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C++ For loop: Complete Guide

There are three types of loops: for loop, while loop, and do-while loop. In this tutorial, we will learn about for loop.

To understand for loop in C++, we must have prior knowledge of loops in C++. Loops are used when we want a particular piece of code to run multiple times. We use loops to execute the statement of codes repeatedly until a specific condition is satisfied. It eases the work of the programmer and also shortens the code length.

For loop in C++

A for loop in C++ is the repetition control structure generally used to write a code more efficiently, which is supposed to be executed a specific number of times.

For example, if we want to print numbers from 1 to 1000, then if we don’t use loops, we have to write 1000 different print statements for printing numbers from 1 to 1000. With the help of loops, we can write this code in 2 lines. But, first, we need to run the loop and give iteration conditions.

How for loop works in C++

  1. An initialization statement is executed only once at the beginning.
  2. Then, the test expression is evaluated.
  3. If a test expression is false, then for loop is terminated. But if a test expression is true, codes inside the body of for loop are executed, and the update expression is updated.
  4. A test expression is evaluated, and this process repeats until the test expression is false.

Syntax of for loop

for(initialization; condition; increment/decrement)
{
	//statements
}

See the following example.

for(int i=1;i<=100;i++)
{
	cout<<i<<endl;
}

Explanation: The above code will print numbers from 1 to 100.

Flow chart of for loop

For loop in C++ Program

Parameters of for loop

for(initialization; condition; increment/decrement)
{
	// Statements
}

The initialization step is executed to initialize the program counter; it is done once only. The program counter is also known as loop control variables.

The next parameter is the condition where the condition is checked for which the loop is supposed to run.

After that, there is an increment/decrement counter which increases or decreases the counter once the statements are executed.

Example program of for loop in C++

Q1- Write a program to show the mechanism of the for loop.

#include<iostream>
using namespace std;
int main()
{
	cout<<"We will print numbers from 1 to 20 using for loop"<<endl;
	for(int i=1;i<=20;i++)
	{
		cout<<"The number is:"<<i<<endl;
	}
	return 0;
	
}

See the output.

Example program of for loop in C++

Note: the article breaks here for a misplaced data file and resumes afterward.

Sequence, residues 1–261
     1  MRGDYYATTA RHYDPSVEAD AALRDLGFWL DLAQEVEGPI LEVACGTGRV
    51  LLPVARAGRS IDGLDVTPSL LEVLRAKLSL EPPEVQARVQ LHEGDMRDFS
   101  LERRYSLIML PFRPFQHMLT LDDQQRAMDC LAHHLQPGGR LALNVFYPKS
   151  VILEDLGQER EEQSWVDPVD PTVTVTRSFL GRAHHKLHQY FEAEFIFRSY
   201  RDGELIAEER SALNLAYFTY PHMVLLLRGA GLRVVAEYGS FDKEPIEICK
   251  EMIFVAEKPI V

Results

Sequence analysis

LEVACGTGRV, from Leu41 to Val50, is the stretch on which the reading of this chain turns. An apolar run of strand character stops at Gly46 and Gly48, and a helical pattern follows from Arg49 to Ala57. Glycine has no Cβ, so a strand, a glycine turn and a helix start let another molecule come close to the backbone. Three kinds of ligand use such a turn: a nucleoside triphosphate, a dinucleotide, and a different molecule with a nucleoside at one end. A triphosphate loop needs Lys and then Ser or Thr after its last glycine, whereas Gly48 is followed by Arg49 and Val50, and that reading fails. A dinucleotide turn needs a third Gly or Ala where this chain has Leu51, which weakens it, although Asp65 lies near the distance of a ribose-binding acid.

Q2-Write a program to print all the even numbers from 1 to 20 using for loop.

#include<iostream>
using namespace std;
int main()
{
	cout<<"We will print even numbers from 1 to 100 using for loop"<<endl;
	for(int i=2;i<=100;i=i+2)
	{
		cout<<"The even number is:"<<i<<endl;
	}
	return 0;
	
}

See the output.

C++ For Loop

Q3- Write a program to print all the odd numbers from 1 to 100 using for loop.

#include<iostream>
using namespace std;
int main()
{
	cout<<"We will print odd numbers from 1 to 100 using for loop"<<endl;
	for(int i=1;i<=100;i=i+2)
	{
		cout<<"The odd number is:"<<i<<endl;
	}
	return 0;
	
}

See the output.

C++ For Loop Example

Infinite for loop in C++

The loop is infinite when it executes repeatedly and never stops. It usually happens by mistake. When you set a condition in for loop so that it never returns false, it becomes the infinite loop.

See the following example.

#include <iostream>
using namespace std;
int main(){
   for(int i=1; i>=1; i++){
      cout<<"Value of variable i is: "<<i<<endl;
   }
   return 0;
}

It is an infinite loop as we increment a value of i, so it would always satisfy the condition i>=1; the condition would never return false.

Here is another example of an infinite loop.

// infinite loop
for ( ; ; ) {
   // statement(s)
}

Display elements of an array using for loop

See the following program that displays items of an array using for loop.

#include <iostream>
using namespace std;
int main(){
   int arr[]={21,9,56,99, 202};
   /* We have set the value of variable i
    * to 0 as the array index starts with 0
    * which means the first element of array 
    * starts with zero index.
    */
   for(int i=0; i<5; i++){
      cout<<arr[i]<<endl;
   }
   return 0;
}

See the following output.

21
9
56
99
202

That’s it for this tutorial.

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